5 Classic Mistakes to Avoid for Your Organization on Social Media
By Julie Fisher
“Donald Trump’s Dominatrix” was the glaring news headline in a recent tweet I read from a Jewish organization founded by a dear friend of mine. If this organization focused on politics or current events, that would be a fitting article to circulate, but my friend’s organization focuses on helping people engage in spiritual and educational learning and build meaningful communities. There was an obvious mismatch between the goals of her inspiring organization and the tweets that were going out in its name. To help organizations like hers succeed, I created this quick list of mistakes to avoid in order to improve social media outreach:
1. Using social media without a plan. Most small organizations jump into social media just to be a part of it, without any plan in mind. Before you begin your social media engagement, it is important to know what message you want to convey, which platforms you intend to use, and with what general frequency. Also, make sure it is very clear who has the responsibility for maintaining the social media platforms. It is often not clear exactly who inside the organization is in charge of this important task. When it is not clearly included in job descriptions and organizational flow charts, social media messaging can be inconsistent and ineffective.
2. Failing to align social media output and the organization’s mission. Look at the mission and goals of your organization and see if they are in alignment with what types of posts are appearing on your social media platforms. If your organization focuses on spiritual matters, consider sticking to that genre as you continue to brand your organization.
3. Not reaching intended audience. Who is your intended audience? Some organizations have not considered this question before actively using social media. Are you looking to solidify current members of your group, encourage newcomers, diversify your outreach to potential community members? A clear sense of who you are trying to engage will help you clarify your approach. (NOTE: The audience may be different on different social media platforms.)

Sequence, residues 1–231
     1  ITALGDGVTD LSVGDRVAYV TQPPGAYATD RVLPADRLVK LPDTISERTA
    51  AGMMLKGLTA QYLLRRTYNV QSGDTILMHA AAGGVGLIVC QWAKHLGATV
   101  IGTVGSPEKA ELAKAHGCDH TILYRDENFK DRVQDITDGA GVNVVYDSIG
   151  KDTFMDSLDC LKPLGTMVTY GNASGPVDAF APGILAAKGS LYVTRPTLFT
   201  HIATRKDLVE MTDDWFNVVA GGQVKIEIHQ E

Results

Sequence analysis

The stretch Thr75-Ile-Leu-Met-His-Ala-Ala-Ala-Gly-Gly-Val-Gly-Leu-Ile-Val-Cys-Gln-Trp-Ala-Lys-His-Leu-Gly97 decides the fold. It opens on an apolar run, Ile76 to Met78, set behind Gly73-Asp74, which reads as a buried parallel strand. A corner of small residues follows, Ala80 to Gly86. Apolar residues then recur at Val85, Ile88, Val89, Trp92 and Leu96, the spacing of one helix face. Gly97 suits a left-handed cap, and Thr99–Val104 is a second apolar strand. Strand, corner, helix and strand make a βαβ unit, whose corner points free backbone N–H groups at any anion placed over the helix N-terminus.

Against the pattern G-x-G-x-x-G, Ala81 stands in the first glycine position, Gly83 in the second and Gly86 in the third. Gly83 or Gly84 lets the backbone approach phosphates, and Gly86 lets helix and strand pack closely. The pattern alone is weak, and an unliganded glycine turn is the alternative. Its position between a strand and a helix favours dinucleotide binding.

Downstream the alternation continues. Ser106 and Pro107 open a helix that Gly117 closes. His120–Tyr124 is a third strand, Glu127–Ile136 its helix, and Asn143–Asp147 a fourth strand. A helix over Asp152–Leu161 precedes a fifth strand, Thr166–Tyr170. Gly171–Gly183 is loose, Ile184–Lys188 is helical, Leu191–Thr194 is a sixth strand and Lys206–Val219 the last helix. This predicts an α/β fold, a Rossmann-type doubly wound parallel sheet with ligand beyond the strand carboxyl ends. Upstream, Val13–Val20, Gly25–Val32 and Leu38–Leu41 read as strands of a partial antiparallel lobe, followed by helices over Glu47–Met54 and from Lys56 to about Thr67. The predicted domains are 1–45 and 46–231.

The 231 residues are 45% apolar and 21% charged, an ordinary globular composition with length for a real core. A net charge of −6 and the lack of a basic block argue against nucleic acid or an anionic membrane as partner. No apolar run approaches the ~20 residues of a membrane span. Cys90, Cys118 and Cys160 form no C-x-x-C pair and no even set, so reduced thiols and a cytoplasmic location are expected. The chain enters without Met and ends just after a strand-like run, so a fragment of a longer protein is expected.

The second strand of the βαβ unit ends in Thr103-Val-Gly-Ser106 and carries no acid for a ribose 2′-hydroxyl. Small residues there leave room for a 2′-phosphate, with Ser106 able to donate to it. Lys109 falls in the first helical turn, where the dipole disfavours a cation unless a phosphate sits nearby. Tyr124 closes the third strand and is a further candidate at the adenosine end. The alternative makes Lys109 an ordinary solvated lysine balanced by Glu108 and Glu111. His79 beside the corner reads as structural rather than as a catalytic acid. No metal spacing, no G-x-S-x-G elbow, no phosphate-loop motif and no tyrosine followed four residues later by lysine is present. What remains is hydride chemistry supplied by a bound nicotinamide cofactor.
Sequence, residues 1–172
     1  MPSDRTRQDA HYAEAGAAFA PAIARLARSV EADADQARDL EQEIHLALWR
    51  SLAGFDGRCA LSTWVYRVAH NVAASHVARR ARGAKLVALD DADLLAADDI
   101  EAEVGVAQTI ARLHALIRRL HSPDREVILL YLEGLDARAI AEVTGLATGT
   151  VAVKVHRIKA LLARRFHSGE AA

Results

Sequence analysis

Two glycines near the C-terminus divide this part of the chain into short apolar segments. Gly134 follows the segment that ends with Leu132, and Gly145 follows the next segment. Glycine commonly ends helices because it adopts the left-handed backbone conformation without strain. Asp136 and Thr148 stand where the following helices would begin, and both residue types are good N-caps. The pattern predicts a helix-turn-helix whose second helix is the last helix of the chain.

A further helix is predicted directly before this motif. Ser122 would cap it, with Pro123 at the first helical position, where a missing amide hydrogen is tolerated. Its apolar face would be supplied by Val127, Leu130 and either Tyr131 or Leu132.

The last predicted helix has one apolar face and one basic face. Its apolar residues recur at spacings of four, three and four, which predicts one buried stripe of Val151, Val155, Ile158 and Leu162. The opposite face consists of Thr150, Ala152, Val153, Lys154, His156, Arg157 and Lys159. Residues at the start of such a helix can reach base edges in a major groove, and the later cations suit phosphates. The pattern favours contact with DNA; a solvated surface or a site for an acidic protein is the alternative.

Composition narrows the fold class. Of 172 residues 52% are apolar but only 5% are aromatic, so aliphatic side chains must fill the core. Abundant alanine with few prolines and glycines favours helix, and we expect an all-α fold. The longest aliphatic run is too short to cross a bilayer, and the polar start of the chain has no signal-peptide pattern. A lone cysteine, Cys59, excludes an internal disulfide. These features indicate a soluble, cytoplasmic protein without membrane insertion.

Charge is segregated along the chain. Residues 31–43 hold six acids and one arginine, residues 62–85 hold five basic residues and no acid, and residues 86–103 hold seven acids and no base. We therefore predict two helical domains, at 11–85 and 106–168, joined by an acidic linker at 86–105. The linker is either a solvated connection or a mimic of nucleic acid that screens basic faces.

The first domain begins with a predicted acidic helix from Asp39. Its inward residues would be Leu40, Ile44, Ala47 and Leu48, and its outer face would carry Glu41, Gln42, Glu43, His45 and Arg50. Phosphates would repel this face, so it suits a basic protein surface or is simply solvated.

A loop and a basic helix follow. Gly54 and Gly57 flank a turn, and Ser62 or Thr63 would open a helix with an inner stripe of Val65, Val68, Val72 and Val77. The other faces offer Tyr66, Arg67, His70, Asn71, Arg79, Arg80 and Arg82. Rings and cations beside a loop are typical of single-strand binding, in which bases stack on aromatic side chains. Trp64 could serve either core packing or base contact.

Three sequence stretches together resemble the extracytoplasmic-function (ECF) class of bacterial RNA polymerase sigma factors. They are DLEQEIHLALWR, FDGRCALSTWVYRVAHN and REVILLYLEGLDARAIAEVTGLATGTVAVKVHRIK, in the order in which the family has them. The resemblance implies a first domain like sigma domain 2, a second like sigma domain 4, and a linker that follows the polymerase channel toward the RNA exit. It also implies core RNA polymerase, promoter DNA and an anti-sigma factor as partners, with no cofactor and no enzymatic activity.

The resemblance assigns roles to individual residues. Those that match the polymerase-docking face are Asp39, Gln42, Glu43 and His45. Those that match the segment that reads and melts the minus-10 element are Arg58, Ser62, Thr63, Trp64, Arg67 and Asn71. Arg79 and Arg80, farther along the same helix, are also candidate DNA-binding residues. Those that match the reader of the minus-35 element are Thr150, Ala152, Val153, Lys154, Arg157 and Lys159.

4. Using a one–size–fits–all approach. To be effective in the realm of social media, it’s usually best to vary your approach. A healthy mix of video clips, articles both short and long, inspirational sayings, humorous offerings (when appropriate), quotes from members of the organization, information about your organization, statements in reaction to relevant current events, and more will help keep your audience growing and interested. A constant stream of any one type of post could become dull, repetitive, and may not be of interest to your audience.
5. Ignoring the research at your peril. We know a lot about social media and how it can be used most effectively to spread messages through telling a compelling story, strong branding, and consistent messaging. Let’s look at one topic: videos. Studies now clearly show that videos of 30 seconds or less are watched much more frequently than those of longer length. I recently watched a video of a new president of an educational institution that went on for well over 4 minutes. The president is a great person and will surely do a wonderful job, but the video introduction was ineffective. Research tells us that viewership declines steeply with longer videos, so err on the side of short and sweet and keep your messages concise and clear if you want people to watch them.
By avoiding these 5 common mistakes, your organization can use social media platforms more effectively, reaching a larger audience with a clear message.
Julie Fisher is an educational consultant and social media enthusiast, committed to using her skills to create and strengthen communities. She has served as the creator and administrator of many social media groups and has used her skills to help spread the message of the U.S. State Department in her service as a foreign service family member. She can be contacted at firstname.lastname@example.org